In September, the General Services Administration (GSA) launched a registry of all federally-managed social media accounts. We want to explain a little of the history behind the registry and talk about a few things that make it a truly remarkable innovation from GSA. Before I start, I want to emphasize when I say “we” from here on, I’m referring to the entire team at GSA’s Office of Citizen Services and Innovative Technologies (OCSIT) that made this happen.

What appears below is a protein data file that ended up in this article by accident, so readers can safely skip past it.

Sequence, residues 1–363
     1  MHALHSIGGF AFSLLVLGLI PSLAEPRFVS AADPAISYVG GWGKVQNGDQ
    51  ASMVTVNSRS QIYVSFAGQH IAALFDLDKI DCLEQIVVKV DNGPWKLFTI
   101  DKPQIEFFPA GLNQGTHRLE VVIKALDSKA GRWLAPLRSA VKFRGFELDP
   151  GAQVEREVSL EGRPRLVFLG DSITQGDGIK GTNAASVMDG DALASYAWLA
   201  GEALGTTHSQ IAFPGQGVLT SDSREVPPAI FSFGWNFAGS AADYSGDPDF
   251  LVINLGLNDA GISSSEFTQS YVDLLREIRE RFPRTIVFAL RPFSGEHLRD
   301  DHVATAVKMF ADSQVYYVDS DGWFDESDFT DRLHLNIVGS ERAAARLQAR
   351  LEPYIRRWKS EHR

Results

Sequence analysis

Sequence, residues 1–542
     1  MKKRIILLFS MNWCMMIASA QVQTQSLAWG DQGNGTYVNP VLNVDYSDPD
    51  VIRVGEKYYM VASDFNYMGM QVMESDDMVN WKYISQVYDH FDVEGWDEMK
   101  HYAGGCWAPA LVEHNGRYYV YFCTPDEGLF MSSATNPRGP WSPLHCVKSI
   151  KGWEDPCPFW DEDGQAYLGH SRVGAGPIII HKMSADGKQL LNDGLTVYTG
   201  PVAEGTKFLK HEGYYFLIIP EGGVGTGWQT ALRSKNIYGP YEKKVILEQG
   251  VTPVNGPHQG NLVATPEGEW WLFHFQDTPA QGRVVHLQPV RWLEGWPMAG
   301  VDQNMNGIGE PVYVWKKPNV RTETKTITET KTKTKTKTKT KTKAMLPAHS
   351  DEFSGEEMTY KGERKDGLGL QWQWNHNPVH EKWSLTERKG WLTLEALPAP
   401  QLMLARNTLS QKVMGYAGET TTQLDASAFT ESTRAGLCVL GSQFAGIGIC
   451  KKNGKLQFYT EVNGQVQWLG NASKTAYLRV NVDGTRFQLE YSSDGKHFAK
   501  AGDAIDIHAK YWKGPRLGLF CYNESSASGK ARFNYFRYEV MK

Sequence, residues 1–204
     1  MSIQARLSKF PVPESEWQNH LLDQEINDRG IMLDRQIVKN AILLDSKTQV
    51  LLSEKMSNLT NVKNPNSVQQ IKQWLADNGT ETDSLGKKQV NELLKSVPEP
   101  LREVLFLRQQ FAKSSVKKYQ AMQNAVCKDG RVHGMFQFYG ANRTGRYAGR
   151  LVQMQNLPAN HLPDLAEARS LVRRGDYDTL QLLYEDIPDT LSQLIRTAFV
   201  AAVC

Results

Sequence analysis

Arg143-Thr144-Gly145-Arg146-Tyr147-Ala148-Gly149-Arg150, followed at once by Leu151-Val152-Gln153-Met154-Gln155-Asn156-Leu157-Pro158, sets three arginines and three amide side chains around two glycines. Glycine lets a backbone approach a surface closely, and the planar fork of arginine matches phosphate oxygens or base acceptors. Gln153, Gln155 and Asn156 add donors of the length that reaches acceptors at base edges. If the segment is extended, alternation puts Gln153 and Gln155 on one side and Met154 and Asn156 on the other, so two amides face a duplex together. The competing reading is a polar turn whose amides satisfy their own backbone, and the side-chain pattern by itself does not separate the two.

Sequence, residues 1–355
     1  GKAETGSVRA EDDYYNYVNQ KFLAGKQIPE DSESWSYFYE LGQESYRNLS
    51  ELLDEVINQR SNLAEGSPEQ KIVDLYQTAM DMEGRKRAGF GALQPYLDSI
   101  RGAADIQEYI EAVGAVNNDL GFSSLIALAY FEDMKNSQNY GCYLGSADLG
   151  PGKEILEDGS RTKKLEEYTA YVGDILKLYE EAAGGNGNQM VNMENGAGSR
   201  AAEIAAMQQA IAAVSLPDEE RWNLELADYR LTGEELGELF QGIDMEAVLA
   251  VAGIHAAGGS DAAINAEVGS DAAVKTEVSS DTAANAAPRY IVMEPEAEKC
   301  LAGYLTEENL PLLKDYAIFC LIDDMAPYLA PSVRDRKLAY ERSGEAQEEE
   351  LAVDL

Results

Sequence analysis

There’s an easier way to get content and data into the hands of citizens. Application Programming Interfaces, or APIs, are web services that allow people to more easily consume content and data in multiple ways–via mobile devices, mobile apps, innovative mash-ups, and much more. Simply put, “APIs are a better way to get government information and services into the hands of the people who need them.” To help agencies better understand APIs, DigitalGov University hosted a webinar, An Introduction to APIs, with experts from NASA and CDC.